Interactive Notebooks – First assignments
Filed under: Interactive Notebooks | Tags: how to use interactive notebooks, interactive notebook assignments, Interactive Notebooks, notebooking, social studies, social studies notebooks, social studies teaching strategy |
- New information = use a familiar strategy.
- New strategy = use familiar information.
This is my mantra when introducing the notebook assignments. My students come to me used to reading the book, doing some worksheets and answering questions, spiced up by the occasional project. While the notebook assignments are not revolutionary, they are different, and I find I’m more successful if I take the time to model them. I like to start with assignments that we’ll use frequently. I use the most familiar information they have – information about themselves.
This year I have dedicated the first ten pages of my notebook as a “mini-me” unit. It serves two purposes – a great get-to-know-you and models those frequently used assignments in a concrete way. Let me say I do not plan to do this for all 50+ assignments in the assignment table – just the most common ones, and just to help them “get it” initially.
The first assignment we do is a personal title page. The students set up the first page with their name and class period, then decorate it with six pictures about themselves and the things they like. It is a “high success” activity and helps personalize their notebooks. They will do a title page at the beginning of each unit we do, and this will teach the the procedure and give them a sample. I will post pictures later this week.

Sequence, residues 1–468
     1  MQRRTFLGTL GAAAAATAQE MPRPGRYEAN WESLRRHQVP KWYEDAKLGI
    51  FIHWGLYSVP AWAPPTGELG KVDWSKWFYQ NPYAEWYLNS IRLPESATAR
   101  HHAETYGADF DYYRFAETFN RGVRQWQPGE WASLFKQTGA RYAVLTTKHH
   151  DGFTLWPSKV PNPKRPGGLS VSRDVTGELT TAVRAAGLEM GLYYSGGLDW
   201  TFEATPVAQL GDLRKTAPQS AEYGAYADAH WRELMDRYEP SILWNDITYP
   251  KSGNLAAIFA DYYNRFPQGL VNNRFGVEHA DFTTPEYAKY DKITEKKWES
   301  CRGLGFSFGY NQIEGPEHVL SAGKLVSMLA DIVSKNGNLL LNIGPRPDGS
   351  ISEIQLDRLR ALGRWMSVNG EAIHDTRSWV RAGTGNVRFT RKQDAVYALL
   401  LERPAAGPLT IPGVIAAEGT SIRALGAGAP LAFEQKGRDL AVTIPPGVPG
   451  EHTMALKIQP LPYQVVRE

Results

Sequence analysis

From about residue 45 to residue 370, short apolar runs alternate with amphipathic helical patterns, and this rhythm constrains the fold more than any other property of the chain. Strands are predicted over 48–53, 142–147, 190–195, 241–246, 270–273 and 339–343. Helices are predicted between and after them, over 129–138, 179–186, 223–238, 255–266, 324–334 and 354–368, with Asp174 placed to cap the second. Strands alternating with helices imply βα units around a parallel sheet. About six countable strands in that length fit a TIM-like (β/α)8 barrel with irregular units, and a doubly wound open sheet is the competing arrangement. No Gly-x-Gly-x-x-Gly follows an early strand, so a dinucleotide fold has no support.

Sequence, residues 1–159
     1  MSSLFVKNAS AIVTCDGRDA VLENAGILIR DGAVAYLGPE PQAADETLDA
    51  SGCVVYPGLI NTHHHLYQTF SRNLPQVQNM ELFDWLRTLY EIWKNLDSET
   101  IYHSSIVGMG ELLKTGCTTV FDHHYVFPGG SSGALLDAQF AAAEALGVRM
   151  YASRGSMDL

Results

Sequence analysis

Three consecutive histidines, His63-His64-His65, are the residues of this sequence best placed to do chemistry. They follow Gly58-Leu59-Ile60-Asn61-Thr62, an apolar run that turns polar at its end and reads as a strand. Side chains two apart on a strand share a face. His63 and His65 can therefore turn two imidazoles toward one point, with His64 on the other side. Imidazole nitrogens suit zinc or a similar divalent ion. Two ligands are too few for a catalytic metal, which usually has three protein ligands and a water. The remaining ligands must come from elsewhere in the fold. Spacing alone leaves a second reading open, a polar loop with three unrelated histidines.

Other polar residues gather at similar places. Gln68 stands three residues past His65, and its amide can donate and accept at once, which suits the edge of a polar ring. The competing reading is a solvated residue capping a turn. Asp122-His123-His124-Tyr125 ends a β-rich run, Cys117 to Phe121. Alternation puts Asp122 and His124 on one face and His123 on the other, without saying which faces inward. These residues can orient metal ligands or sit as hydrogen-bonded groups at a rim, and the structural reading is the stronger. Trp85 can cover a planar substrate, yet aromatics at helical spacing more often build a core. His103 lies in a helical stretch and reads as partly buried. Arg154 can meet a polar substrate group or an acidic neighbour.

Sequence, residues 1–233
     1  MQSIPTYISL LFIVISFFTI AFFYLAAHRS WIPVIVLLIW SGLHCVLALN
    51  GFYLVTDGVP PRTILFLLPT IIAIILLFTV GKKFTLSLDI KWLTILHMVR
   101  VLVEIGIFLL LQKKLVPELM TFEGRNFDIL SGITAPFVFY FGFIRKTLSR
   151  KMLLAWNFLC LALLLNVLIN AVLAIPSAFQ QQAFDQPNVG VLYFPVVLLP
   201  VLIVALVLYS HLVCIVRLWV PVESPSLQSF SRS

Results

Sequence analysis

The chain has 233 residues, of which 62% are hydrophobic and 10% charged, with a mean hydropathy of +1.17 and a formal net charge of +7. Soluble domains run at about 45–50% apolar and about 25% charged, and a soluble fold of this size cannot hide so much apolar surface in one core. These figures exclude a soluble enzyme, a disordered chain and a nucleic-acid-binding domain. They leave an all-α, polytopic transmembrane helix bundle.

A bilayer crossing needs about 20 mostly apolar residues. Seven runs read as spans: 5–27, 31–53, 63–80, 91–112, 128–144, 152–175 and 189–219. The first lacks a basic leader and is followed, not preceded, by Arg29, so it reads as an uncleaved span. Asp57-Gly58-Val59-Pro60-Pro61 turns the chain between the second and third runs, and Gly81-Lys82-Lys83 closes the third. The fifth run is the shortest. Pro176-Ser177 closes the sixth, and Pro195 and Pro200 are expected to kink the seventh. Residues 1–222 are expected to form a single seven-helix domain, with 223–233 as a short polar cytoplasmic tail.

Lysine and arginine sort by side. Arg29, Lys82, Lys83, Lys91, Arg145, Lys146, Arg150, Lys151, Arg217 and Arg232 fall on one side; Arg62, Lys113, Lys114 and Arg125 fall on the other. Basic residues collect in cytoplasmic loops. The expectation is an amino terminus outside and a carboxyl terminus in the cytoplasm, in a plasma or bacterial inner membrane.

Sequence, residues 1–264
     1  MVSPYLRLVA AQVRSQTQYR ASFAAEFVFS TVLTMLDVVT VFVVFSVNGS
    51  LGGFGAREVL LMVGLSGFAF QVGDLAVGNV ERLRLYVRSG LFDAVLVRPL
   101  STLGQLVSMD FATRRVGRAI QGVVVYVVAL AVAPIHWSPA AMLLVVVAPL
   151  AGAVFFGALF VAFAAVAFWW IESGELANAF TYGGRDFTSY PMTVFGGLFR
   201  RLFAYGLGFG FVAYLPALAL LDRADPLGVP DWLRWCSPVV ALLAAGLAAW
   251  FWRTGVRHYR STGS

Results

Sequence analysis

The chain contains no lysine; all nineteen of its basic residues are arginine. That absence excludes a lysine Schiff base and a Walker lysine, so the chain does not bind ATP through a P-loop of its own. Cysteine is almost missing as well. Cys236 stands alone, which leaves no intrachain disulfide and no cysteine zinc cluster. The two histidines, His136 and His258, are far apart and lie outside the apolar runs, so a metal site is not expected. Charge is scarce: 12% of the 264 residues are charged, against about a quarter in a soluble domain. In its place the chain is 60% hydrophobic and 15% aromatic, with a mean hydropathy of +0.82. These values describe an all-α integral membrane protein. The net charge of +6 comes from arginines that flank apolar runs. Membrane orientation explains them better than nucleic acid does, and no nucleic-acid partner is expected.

I like to start with a fairly straightforward and multi-purpose assignment for their first content assignment, the Illustrated Outline. I wrote about these in a previous post. Today I had them create a four column one for themselves first – school, favorites, friends, and family. Then we read a chapter (3 pages) in Reconstructing America, and created an Illustrated Outline based on the text. It went really well because the students had a solid understanding of the requirements of the assignment.
Our first right hand assignment will be a poster. The requirements are simple and straightforward – a title, five pieces of information on the topic, and an illustration. My recommendation is build comfort and success at first, and don’t be afraid to repeat the same assignment 2 or 3 times in a row at first. Choice and the more complicated assignments can wait – you’ve got all year!